The downward extending wall of the cap may have a lower end which engages the cap liner to retain the peripheral portion of the cap liner in engagement with the upper end of the container body when the cap is secured thereto. Alternatively or additionally, the cap liner may have a central button portion, with the cap engaging the central button portion to retain the peripheral portion of the cap liner in engagement with the upper end of the container body when the cap is detachably secured thereto.

The inter-engaging mechanism may prevent relative movement between the cap and the cap liner when the cap is rotated in the clockwise closing direction and permits relative rotation between the cap and the cap liner when the cap is rotated in the anti-clockwise opening direction.

BRIEF DESCRIPTION OF THE DRAWINGS

Embodiments of the present invention will now be described, by way of example, with reference to the accompanying drawings, of which:

FIG. 1 is an exploded perspective view of a medication container in accordance with one embodiment of the invention,

FIG. 2 is a diagrammatic side view of the cap positioned above the upper portion of the container body, with parts of the cap and the cap liner therein being shown in dotted outline,

FIG. 3 is a similar view but showing the cap being secured to the container body,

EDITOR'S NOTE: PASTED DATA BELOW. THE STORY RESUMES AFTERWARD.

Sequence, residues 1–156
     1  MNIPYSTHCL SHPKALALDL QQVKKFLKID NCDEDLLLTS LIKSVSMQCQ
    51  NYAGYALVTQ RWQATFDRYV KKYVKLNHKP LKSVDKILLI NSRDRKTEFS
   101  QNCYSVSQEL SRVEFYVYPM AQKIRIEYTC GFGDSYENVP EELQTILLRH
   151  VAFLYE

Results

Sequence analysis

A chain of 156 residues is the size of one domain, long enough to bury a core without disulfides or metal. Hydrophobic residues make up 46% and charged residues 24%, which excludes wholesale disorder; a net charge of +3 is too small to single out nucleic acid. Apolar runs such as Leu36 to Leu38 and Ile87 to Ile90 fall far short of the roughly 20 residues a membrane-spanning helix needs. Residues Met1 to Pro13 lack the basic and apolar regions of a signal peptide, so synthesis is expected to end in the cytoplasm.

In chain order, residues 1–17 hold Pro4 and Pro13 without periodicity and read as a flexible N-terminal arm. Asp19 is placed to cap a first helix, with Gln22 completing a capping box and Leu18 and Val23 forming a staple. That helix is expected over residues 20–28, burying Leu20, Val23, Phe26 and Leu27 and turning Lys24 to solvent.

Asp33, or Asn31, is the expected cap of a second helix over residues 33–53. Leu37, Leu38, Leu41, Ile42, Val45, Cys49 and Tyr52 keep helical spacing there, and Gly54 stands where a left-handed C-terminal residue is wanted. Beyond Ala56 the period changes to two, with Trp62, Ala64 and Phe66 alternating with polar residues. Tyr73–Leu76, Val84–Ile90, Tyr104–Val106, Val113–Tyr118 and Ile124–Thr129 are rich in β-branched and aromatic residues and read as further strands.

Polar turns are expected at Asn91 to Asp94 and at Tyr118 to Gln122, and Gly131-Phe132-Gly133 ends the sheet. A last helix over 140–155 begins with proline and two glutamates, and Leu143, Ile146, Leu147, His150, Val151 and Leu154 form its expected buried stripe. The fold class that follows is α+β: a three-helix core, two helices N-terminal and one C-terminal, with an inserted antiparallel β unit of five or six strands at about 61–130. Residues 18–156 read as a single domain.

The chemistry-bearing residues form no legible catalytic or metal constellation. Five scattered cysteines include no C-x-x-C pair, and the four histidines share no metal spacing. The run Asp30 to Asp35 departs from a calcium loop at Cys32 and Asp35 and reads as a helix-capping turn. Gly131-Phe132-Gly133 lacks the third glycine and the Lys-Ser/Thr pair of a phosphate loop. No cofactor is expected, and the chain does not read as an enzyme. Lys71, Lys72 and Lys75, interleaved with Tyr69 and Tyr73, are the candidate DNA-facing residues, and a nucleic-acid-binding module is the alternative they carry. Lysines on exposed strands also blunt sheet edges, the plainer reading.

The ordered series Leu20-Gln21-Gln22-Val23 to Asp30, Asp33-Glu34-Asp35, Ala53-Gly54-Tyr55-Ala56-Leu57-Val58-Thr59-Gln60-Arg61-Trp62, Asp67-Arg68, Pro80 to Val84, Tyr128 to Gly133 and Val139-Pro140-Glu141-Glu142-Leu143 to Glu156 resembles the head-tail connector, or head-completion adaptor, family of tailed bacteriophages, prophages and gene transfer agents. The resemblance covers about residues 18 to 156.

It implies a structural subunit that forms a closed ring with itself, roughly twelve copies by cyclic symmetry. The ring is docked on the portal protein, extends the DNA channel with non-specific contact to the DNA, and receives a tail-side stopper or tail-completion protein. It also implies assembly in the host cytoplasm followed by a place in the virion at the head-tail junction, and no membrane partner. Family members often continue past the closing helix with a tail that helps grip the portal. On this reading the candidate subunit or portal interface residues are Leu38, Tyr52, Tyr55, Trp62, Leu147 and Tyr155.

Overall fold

FIG. 4 is a similar view showing the cap secured to the container body,

FIG. 5 is a similar view showing the cap being removed from the container body without pushing down on the central button of the cap.

FIG. 6 is a side view, partly in section, of the cap and cap liner and the upper portion of the container body, with the left hand side of the figure showing the configuration of the cap liner before the cap contacts the container body, and with the right hand side of the figure showing the configuration of the cap liner when the cap has been secured to the container body,

FIG. 7 is a similar view to FIG. 6, but with the left hand side of the figure showing the configuration of the cap liner when the cap is being removed without pushing down the central button of the cap liner, and with the right hand side of the figure showing the configuration of the cap liner when the cap is being removed with the central button of the cap liner first being depressed,